I have found the headless bodies of rabbits and blue jays, and known it was the great horned owl that did them in, taking the heads only, for the owl has an insatiable craving for the taste of brains.
When you are ten or twelve, you go birdwatching in the early-dawn light. Once, you see a barn owl in flight, swift and silent above your head, a hunting ghost. You collect owl pellets from the pine-cushioned floor, tight bundles of fur and feathers and skeletal remains that you take home to soak in water until the bundle loosens and releases its treasure, a collection of sliverous bones and the ultimate prize, a tiny bird skull. You use pins to clean the muck from the eye sockets and beak, you bleach it white and store it in a matchbox which you peer into often.
You find an injured sparrow in the garden, one leg reduced to a swollen stump. You cannot imagine what could have caused such an injury, but it was likely a predator of some kind, perhaps a cat too slow-witted to gather the whole bird. Your father holds him in his wide palm and explains that he can’t be saved and we have a duty to end his suffering. You know this already. You have grown up in a village in the countryside where learning how to care for animals is as important as learning how to kill them. But this particular lesson your father chooses to carry out away from you, performing the task quietly and, you imagine, swiftly.
Your father brings home a box from his work at the quarry. When he places it gently on the floor it shifts and shuffles. A snake! you think, but no, when he opens the lid there is a fledgeling jackdaw who was abandoned by her mother, or so your father believes. You keep her in the garage, construct a perch from whatever you can find, feed her seeds and worms. Your father teaches you to shake a tin of seeds every time you feed her. This is how you learn about associative behaviour, the Pavlov effect. When the bird is strong enough you take her outside and let her fly to the giant tree behind your house to join the rooks and crows and her brothers and sisters, the grey-headed jackdaws. When it is feeding time you shake the tin and she returns… and returns… and returns…. until one day she doesn’t. You are simultaneously sad and glad about this. You have lost your connection with this wild animal, your temporary pet, but you nurtured her out of fledglinghood, watched her joy at being alive grow stronger, her eyes eager to see more than the cool dark room of incarceration.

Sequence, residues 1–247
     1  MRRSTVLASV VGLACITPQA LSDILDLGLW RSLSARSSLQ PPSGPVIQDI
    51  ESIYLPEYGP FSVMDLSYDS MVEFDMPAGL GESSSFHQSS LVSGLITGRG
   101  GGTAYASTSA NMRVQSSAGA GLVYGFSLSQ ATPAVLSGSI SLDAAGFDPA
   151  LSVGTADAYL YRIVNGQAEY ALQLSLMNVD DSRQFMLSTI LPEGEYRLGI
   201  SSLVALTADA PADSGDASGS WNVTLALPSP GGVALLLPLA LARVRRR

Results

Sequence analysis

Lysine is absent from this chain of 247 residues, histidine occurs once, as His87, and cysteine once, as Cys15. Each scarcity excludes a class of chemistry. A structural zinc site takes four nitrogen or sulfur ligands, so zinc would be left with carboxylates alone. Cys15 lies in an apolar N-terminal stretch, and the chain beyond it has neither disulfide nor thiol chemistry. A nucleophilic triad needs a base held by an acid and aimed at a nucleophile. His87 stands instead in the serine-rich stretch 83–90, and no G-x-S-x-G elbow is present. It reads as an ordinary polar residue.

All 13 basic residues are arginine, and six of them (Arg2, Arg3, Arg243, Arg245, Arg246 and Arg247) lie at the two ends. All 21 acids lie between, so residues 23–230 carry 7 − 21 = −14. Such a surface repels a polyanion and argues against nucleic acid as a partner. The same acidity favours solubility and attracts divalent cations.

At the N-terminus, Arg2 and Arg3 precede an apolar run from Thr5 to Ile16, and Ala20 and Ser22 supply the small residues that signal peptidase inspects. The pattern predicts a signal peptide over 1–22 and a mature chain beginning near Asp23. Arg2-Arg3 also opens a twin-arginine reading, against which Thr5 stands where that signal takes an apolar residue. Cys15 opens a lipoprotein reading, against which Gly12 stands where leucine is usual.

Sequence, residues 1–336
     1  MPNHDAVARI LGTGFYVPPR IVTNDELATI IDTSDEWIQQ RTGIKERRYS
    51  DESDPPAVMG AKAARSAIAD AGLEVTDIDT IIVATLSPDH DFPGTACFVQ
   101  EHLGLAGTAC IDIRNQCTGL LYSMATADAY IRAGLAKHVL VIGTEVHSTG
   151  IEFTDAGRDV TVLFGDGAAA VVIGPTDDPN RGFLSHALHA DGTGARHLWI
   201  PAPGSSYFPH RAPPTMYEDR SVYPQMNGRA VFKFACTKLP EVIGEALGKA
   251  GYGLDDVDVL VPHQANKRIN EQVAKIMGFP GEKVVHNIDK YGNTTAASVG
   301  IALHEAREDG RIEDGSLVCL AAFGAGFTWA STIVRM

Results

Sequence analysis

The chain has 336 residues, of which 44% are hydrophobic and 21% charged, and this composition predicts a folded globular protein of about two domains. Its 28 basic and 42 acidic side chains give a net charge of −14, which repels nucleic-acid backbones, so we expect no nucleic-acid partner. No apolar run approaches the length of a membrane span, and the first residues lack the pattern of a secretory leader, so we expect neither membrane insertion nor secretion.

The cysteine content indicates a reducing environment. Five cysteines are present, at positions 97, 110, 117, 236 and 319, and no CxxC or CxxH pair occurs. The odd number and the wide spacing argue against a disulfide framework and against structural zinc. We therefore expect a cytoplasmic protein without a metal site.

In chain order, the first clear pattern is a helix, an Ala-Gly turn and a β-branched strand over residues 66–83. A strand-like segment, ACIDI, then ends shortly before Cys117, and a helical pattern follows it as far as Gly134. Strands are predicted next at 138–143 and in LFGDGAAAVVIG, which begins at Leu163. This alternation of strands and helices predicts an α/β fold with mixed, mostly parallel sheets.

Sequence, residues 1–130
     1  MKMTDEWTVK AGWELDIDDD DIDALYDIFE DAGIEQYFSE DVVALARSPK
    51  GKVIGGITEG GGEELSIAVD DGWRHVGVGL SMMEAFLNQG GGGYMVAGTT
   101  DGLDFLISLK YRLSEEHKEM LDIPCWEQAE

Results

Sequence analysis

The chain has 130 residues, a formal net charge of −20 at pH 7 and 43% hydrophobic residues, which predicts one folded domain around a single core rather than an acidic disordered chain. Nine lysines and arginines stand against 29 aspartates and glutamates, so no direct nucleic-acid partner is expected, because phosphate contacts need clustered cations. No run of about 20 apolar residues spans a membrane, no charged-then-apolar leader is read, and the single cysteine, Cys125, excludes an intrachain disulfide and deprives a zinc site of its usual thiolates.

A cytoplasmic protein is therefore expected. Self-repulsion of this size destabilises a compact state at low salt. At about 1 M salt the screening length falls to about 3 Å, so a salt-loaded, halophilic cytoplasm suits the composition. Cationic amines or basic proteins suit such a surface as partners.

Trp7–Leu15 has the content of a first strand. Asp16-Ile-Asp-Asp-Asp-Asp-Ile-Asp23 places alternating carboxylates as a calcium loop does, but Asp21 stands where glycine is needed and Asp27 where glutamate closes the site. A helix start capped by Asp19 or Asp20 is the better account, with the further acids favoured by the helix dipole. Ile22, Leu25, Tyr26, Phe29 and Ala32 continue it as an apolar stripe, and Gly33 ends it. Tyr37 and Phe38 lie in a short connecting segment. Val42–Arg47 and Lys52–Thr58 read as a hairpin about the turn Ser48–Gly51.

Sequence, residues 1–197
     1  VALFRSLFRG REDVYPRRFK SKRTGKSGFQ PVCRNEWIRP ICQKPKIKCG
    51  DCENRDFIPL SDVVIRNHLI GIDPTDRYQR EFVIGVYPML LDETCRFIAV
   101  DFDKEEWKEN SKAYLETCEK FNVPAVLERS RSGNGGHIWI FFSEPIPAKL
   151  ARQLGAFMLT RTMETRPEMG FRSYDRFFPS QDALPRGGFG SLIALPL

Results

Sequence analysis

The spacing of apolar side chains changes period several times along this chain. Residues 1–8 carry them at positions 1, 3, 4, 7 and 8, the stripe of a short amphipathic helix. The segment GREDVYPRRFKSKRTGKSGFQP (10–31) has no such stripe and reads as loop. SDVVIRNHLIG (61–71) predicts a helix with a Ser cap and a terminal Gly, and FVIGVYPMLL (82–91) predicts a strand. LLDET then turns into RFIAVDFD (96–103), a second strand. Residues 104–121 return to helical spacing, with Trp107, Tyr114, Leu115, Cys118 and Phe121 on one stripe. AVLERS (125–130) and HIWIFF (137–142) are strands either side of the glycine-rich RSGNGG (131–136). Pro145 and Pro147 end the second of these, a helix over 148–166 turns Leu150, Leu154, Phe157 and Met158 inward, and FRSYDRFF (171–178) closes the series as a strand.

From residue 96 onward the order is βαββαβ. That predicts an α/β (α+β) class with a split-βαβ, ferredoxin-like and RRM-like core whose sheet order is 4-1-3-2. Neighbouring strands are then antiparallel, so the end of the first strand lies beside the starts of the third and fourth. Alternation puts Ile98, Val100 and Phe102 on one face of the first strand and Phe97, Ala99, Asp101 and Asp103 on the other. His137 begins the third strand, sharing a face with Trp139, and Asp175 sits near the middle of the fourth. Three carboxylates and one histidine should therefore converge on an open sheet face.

So now she sees the leaves and bark of the trees, feels the wind ruffle through her feathers, digs deep into the earth to draw out a worm, hears the song and the movement of her fellow flighted world.
Can any creature be living her life more fully than the jackdaw?